Each year across Washington State, hundreds of drivers hit wildlife on interstates, highways, and roads -- from moose, deer, and elk, to smaller animals such as skunks and raccoons. Washington is working to reduce the number of these accidents, but just learning about vehicle-wildlife collision safety tips can help prevent these accidents from taking place.

Wildlife And Deer Collision Accidents: Do You Know What To Do When There Is An Animal On The Road?

The Washington State Department of Transportation has been working tirelessly this year to reduce the number of wildlife-vehicle collisions across the state. In an attempt to prevent accidents and save lives, WSDOT has planned several wildlife overpasses on I-90, called the Interstate 90 Snoqualmie East Project. In addition, the state agency is also fitting elk with radio transmitters that activate warning beacons on the highway.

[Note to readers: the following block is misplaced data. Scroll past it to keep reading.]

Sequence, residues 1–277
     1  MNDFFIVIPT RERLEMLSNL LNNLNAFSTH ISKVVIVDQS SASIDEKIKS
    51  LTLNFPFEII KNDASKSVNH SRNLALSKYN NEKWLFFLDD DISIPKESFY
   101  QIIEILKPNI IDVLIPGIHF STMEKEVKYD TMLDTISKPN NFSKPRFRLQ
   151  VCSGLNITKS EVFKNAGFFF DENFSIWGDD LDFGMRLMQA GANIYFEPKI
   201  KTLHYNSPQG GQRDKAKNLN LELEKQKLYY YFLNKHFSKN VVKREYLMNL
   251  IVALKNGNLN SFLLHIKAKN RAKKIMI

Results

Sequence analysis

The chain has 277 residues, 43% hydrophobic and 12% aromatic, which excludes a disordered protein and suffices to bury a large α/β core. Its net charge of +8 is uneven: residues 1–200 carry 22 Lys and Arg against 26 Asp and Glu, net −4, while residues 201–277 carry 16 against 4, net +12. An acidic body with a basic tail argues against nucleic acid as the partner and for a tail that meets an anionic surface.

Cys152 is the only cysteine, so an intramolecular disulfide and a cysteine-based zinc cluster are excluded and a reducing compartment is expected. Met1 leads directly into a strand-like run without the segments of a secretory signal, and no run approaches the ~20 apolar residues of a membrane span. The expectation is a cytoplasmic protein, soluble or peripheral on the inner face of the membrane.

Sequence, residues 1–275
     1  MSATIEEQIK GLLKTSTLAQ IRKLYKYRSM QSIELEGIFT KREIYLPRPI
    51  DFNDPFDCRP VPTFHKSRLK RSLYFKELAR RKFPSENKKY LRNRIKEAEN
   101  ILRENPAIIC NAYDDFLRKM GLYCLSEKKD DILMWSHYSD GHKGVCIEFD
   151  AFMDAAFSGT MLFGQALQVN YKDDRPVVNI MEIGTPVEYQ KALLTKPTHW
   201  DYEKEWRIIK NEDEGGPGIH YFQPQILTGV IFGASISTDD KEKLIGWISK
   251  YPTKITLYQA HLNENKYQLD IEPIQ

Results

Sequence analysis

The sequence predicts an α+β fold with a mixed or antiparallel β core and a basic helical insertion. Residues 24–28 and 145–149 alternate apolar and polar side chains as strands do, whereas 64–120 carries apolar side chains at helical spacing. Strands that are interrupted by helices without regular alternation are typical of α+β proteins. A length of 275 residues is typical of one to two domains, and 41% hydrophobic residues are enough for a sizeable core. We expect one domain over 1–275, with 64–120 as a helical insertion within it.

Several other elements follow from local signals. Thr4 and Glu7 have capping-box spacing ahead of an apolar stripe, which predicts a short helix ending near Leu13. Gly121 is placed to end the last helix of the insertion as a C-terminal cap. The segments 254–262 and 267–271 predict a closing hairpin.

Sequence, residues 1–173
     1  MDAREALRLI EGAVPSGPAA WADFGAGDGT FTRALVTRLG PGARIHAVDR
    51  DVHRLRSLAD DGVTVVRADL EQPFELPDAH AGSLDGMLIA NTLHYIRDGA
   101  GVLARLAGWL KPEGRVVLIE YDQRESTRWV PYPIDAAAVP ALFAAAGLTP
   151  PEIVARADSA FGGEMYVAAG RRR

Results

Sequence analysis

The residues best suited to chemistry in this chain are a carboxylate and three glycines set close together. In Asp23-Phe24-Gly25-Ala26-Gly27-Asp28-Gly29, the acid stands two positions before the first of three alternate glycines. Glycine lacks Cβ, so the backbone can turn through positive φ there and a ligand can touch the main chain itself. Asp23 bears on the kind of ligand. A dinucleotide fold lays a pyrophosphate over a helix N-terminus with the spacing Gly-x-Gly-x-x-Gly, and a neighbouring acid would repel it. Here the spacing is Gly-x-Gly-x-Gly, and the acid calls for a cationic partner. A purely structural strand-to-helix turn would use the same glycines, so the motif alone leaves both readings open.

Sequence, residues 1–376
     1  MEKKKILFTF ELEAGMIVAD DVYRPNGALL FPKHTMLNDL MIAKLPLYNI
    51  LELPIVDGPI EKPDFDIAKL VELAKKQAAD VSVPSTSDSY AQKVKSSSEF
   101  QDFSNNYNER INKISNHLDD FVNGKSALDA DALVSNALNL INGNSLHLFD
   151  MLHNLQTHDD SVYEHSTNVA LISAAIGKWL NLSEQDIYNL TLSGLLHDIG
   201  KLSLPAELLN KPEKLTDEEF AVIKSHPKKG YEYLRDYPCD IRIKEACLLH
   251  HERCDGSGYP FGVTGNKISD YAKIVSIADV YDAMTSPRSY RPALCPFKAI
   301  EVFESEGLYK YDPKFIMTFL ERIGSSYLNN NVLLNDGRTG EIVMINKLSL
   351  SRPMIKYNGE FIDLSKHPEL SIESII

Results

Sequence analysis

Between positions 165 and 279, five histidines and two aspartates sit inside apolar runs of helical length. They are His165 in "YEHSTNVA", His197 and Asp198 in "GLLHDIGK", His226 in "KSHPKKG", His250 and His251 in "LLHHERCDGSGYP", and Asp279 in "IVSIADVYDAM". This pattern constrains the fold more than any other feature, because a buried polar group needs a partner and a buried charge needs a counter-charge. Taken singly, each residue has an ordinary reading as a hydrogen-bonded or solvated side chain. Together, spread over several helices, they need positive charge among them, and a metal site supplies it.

However, one of the best ways of preventing car accidents due to deer, elk, moose, and other wildlife continues to be educating yourself about how these critter crashes happen and how they can be prevented.

•    Don’t just look at the road. Many drivers focus only on the road when behind the wheel, especially when they are driving on the interstate. To avoid hitting deer, be sure to scan the shoulder for animals and keep alert.
•    Be wary at dawn and dusk. Most animals are most active in the early morning and when the sun is setting. Be extra cautious during this time.
•    Look for signs. Deer crossing and animal crossing signs have been placed there with good reason. Also look for other signs that animals may be in the area; for example, if you are traveling past farms and ranches, or if you are traveling through rural areas or mountain passes.
•    If you see one, there may be more. Deer and elk often travel in groups, so if you see one, there are often others. Slow down and be careful after you spot your first animal.
•    Note the time of year. Deer accidents peak in the fall and spring, so be more cautious in October, November, May, and June.
•    If an animal runs into the road in front of you, don’t swerve away from it. Instead, try to brake as quickly as possible. Swerving can lead to multiple-car accidents, rollovers, and serious injury.